Christopher Columbus is traditionally credited with discovering America, to the point where he was given his own federal holiday in 1934. Since 1990, indigenous people have held protests of Columbus Day celebrations, because to many, Columbus was less an explorer than a conqueror. And, in recent years, it has been more and more widely recognized that Columbus was far from the first person to find the Americas, nor did he even land on the American continent.
On October 12, the American Indian Movement (A.I.M.) organized just such a protest, the first in what they hope will be an annual series, near the Santa Barbara Bicentennial Friendship Fountain (better known as the Dolphin Fountain) in front of Stearns Wharf. Protestors carried signs-ranging from the brief “Happy Indigenous People’s Day” to the longer “Expose a corrupt educational, legal & political system that refuses to discuss the destruction of MILLIONS of Natives at the hands of Columbus” written on a gallows with an effigy of Columbus hanging from the noose-while a group of drummers played traditional Native American chants.
A series of speakers talked about issues facing indigenous people in America and around the world. Roberta Weighill, who is Chumash, said “It’s time to get rid of the celebration of Columbus. We need to pressure businesses and government to celebrate Indigenous Peoples Day instead.” Rudy Villalobos, a member of the Brown Berets, spoke about the need for action and unity rather than talk. “We need to be able to stand up for ourselves before we can stand up to our oppressors:Prayer without action can only go so far.” Graywolf, another speaker, said, “Some people say we need to forgive and forget. But in order to forgive and forget something, it has to end. Well, we still have 10 times the average of suicides, gang violence, poverty, and alcoholism. The genocide hasn’t ended.” Cruzito Cruz, a candidate for Santa Barbara City Council, also spoke about the importance of Native American representation. “We can help by educating people and combating racism and racial profiling.”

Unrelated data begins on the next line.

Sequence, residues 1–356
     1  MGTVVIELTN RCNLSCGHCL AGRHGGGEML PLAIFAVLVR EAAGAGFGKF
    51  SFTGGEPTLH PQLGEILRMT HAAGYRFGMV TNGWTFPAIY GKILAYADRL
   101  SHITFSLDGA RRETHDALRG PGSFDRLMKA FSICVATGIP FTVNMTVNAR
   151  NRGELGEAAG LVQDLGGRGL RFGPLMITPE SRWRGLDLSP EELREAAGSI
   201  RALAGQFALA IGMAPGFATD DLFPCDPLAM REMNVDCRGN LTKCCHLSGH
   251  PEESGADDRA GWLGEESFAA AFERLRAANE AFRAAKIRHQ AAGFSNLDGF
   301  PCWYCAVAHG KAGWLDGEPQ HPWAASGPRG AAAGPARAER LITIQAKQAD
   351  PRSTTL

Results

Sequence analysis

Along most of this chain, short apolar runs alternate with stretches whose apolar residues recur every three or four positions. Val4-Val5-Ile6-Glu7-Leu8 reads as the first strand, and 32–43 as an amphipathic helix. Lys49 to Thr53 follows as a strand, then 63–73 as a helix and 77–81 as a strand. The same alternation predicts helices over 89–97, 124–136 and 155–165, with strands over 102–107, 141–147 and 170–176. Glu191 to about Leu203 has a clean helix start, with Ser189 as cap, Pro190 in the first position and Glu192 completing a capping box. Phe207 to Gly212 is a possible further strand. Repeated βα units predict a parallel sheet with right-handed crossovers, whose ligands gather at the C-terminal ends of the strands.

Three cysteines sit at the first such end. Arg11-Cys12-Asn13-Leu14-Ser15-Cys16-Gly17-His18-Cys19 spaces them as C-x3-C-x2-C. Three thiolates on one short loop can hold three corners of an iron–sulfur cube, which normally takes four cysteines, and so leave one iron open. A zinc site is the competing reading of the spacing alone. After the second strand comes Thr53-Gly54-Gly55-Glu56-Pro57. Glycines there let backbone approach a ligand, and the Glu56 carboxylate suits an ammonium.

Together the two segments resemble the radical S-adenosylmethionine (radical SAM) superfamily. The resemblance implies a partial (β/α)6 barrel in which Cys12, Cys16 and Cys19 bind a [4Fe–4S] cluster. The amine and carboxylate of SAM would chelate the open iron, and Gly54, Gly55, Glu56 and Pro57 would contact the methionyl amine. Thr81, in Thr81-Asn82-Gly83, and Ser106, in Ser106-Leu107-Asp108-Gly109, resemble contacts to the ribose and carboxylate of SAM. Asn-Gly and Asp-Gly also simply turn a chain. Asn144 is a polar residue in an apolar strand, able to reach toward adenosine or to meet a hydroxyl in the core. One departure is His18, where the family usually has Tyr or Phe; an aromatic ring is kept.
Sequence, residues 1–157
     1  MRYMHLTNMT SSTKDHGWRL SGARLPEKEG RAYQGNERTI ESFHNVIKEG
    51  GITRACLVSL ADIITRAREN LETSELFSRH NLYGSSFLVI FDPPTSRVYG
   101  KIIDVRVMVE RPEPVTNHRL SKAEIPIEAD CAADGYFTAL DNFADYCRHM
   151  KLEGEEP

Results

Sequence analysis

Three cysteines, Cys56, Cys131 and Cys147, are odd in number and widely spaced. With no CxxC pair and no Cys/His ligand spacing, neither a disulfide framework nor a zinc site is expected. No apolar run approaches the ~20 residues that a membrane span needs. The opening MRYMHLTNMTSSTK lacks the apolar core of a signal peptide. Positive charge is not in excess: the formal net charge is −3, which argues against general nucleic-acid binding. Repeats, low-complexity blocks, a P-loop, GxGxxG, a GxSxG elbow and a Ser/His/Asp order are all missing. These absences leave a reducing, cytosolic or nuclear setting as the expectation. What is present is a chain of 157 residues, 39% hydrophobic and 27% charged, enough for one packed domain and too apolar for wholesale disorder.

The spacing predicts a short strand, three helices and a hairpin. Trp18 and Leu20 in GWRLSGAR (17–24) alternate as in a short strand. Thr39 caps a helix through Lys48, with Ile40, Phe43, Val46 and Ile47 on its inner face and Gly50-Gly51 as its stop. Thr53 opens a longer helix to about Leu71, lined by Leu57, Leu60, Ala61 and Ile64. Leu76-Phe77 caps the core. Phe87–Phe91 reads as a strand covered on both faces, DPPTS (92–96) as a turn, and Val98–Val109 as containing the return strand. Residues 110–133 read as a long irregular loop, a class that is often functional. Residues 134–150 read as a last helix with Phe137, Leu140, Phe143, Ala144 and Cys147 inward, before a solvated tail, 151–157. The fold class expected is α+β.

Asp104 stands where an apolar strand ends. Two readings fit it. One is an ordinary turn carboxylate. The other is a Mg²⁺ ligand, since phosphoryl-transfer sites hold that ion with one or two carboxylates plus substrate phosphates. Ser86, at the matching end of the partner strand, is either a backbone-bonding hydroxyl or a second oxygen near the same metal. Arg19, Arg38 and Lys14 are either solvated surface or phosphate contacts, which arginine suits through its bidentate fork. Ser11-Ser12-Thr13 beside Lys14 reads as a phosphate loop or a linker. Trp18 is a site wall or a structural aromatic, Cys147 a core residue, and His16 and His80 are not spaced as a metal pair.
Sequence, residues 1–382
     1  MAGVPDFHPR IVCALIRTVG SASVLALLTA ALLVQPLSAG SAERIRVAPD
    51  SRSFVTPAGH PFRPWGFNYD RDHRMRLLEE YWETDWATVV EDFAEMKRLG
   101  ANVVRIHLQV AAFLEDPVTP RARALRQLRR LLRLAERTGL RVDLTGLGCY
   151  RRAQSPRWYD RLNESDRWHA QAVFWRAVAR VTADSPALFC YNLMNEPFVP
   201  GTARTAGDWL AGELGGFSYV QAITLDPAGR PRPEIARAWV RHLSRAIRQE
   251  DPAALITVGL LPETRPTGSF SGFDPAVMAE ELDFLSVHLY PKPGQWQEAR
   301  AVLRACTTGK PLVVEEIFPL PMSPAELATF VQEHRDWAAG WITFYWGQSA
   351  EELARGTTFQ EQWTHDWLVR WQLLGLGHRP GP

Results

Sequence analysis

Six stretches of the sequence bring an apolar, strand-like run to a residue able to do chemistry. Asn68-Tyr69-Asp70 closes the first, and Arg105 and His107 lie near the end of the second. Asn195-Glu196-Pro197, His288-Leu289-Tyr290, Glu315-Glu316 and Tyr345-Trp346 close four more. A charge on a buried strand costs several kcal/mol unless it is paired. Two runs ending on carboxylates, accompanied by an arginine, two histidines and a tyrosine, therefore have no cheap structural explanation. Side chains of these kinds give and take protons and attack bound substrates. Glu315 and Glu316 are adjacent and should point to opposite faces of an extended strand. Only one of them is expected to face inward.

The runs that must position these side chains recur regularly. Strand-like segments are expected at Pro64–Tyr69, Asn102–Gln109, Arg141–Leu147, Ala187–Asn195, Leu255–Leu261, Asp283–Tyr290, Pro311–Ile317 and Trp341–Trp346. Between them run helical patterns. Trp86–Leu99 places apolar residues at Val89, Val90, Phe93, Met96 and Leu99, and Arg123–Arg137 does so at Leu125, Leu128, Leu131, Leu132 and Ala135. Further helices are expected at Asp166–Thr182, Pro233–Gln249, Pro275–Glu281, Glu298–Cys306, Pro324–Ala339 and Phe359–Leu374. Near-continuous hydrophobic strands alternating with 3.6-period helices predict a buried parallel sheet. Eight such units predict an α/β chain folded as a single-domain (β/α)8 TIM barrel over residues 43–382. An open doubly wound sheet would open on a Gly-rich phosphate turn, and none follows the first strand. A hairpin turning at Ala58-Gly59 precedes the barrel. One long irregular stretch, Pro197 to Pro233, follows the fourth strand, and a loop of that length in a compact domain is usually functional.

Although strong words were used by many of the speakers, the tone of the rally was never harsh. As Villalobos said, “We must not be driven by hate or racism. We are all one race.” The protest opened and closed with a Native American prayer, and, between speakers, a dance troupe performed several traditional Native American dances that attracted a few onlookers including a tourist, identifying herself as Regina, who commented that there is an active branch of A.I.M in her home country of Switzerland. Though she was only vaguely aware of Columbus Day, “I understand why they protest.”